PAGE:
Plan sponsors confront an increasingly active and ERISA-sophisticated class-action bar. The financial exposure for class-action cases brought on behalf of plan participants can be significant. Some of the most notable cases have alleged that a plan sponsor’s board, corporate officers, and other plan fiduciaries breached their fiduciary duties by permitting and failing to make adequate disclosure of excessive recordkeeping fees and other investment expenses.
Instituting prudent procedures in the ongoing operation of 401(k) and other retirement plans is paramount in managing not only investment and expense risks but also fiduciary and organization reputational risk. Best practice in managing risk related to 401(k) fee litigation is the establishment of definitive “process points” such as a diligent and thorough fee and expense analysis, documentation of decision making, and disclosure to plan participants. In short, CFOs and plan fiduciaries responsible for investment selection can’t let things go! They have to make their own decisions, can’t rely on experts, and have to make sure their decisions are thoroughly documented.
A recent legal decision underscores the importance of adopting such prudent operational-compliance procedures and shows in no uncertain terms that best-practice prudence amounts to process, process, process. The case also demonstrates clearly that ERISA liability can arise for failure to address financial issues brought to the attention of the plan fiduciary.
A Failure to Decide
The Seventh Circuit Court of Appeals ruled that the employer plan sponsor and other fiduciaries of a large 401(k) plan may have breached their fiduciary duties by failing to decide whether to retain the structure of the plan’s company stock fund (CSF). The case was returned to district court.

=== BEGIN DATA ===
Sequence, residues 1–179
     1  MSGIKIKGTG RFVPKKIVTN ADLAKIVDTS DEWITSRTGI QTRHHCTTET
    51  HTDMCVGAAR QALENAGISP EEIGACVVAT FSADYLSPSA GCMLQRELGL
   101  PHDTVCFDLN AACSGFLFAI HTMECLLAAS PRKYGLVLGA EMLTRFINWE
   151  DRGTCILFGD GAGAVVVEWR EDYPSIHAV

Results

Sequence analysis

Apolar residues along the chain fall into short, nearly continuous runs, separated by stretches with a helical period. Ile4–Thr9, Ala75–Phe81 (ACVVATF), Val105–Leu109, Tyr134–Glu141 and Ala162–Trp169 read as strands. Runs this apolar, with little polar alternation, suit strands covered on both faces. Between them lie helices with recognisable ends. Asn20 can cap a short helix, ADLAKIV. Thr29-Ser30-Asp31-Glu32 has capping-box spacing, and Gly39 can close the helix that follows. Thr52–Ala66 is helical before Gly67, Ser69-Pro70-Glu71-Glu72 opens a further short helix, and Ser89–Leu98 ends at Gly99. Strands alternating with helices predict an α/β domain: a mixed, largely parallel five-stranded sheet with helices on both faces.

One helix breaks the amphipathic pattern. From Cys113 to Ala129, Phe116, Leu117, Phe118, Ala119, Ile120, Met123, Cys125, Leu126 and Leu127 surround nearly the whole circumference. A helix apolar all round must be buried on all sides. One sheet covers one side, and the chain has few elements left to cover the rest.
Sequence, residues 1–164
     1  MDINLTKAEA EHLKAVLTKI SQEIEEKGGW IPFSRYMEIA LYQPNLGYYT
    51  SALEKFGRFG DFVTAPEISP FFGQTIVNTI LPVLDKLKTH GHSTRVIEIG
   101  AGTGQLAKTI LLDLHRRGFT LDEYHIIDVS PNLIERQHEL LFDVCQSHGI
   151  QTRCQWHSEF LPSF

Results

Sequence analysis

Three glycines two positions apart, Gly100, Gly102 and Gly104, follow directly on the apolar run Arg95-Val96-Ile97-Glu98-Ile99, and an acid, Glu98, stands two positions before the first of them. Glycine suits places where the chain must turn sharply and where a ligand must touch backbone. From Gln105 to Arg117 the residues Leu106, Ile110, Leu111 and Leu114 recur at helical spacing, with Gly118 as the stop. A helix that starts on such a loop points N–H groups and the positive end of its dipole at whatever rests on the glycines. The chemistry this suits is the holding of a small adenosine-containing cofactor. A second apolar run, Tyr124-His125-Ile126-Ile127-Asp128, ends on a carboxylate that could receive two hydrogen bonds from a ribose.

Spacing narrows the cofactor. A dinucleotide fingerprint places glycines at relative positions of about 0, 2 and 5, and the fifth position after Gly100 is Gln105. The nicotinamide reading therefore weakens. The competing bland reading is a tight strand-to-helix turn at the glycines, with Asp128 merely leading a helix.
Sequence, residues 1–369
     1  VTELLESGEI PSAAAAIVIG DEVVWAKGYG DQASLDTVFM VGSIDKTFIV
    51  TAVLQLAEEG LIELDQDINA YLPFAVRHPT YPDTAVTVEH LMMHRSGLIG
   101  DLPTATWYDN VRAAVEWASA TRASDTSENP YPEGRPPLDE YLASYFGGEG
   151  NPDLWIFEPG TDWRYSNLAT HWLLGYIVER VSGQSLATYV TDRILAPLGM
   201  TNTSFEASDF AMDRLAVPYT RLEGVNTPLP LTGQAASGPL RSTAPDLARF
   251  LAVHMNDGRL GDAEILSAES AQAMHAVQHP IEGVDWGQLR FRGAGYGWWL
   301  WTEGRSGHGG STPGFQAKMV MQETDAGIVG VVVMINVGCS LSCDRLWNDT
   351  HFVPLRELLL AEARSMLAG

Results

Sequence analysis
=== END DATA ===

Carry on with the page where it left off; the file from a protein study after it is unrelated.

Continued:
The plan offered a “unitized” CSF, meaning that its net asset value includes not just the stock price but also some cash and/or short-term investments. The plaintiffs argued that the employer breached its ERISA fiduciary duties since the structure of the CSF was “inherently imprudent” because of “investment drag” and “transaction drag” caused by the cash buffer, and that the CSF’s unitized structure caused the fund to underperform by $83.7 million.
The district court had previously found that the employer was a fiduciary with respect to plan investment and administration. That was because the employer retained the authority to appoint and remove members of a benefits investment committee and an administrative committee that were the plan’s named fiduciaries. In this respect, the district court emphasized that the employer had an obligation to monitor whether the members of the committees were fulfilling their fiduciary duties.
The appeals court concluded that the evidence presented in district court indicated the plan fiduciaries were aware that the investment and transaction drags were causing the participants to miss investment gains. Specifically, one fiduciary determined that the transactional drag on the plan’s CSF was $3.6 million, which resulted in an average cost of $145 per participant per year.